The variable phenotype associated with this mutation complicates these clinical trial efforts, especially future studies testing the ability of therapies to delay disease onset among asymptomatic carriers. For example, the age of symptom onset fluctuates widely among mutation carries, ranging from 40 to 90 years of age. Some carriers do not manifest disease even in their ninth decade of life, indicating that penetrance of this mutation is incomplete. We previously published age-related estimates of C9orf72 penetrance based on a relatively small cohort of carriers6. Here, we aim to improve on these estimates by incorporating a larger cohort. We also investigate which clinical and demographic factors influence penetrance. A better understanding of the age-related penetrance of the C9orf72 repeat expansion will help in clinical trial design, and ultimately in determining at what stage to initiate neuroprotective therapy, should it become available in the future.
Penetrance is the proportion of individuals carrying a mutated gene that also express the affected phenotype8. Age-related penetrance indicates that the expression of the phenotype in mutant-gene carriers is dependent upon the individual’s age. To gather the necessary raw data to calculate penetrance of the C9orf72 mutation, we performed a literature search in PubMed.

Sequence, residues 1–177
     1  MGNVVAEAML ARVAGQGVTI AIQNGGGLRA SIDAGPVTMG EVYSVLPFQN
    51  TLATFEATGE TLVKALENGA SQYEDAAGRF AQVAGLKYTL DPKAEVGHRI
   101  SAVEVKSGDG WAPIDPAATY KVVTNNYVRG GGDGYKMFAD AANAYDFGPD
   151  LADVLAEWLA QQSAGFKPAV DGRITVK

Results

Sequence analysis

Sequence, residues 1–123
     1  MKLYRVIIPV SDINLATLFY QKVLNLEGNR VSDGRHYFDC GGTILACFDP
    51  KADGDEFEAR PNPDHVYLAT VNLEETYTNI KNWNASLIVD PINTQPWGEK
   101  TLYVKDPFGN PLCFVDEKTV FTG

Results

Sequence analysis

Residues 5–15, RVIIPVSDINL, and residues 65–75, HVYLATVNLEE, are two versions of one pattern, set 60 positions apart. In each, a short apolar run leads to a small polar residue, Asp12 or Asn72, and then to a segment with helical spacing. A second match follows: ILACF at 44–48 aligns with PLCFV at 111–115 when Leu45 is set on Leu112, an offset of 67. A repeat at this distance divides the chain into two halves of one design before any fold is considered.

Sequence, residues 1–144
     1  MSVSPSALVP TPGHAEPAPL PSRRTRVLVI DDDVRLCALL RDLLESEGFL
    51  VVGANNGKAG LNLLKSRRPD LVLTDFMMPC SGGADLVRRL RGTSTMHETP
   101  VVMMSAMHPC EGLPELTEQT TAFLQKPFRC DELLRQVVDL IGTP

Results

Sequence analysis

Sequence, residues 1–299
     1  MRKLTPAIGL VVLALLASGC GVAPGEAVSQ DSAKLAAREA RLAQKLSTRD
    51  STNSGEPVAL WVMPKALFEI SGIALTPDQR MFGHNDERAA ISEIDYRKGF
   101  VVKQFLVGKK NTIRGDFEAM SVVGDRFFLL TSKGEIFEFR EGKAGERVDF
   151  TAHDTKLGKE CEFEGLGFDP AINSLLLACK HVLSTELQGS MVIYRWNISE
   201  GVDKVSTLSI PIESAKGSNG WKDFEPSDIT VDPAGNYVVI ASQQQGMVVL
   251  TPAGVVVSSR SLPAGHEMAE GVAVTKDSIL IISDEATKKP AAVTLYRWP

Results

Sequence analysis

Our literature search identified 37,991 patients diagnosed with neurodegenerative disease who were screened for the presence of the C9orf72 repeat expansion. Of these, 3,457 carried the pathogenic mutation, representing a carrier rate of 9.1% among cases. After excluding those with insufficient data, 1,147 cases of repeat expansion were available for analysis based on a cohort of 13,672 (8.4%). The majority of these cases presented with ALS (n = 735, 64.0% of the total). Out of 36,420 total control samples that were reported in the literature, 40 had the repeat expansion (0.1%). This number was reduced to 23 after excluding those with unavailable age of onset data (0.06%). In summary, data from 1,170 individuals was available for analysis. The complete data set for the 1,170 individuals can be found as Supplemental Table S2, and the gender, site of onset, and age at onset distributions of this cohort are shown in Fig. 1.
Our data showed that median age at symptom onset among carriers of the C9orf72 repeat expansion was 58.0 years of age (95% confidence interval: 57.0 to 59.0; see black curve in Fig. 2). The youngest reported age at symptom onset was 25 years among a man who presented with ALS. Penetrance was cumulatively nearly complete (99.5%) by 83 years of age. More than half (n = 13, 56.5%) of the neurologically normal individuals carrying the repeat expansion were younger than the median age of onset.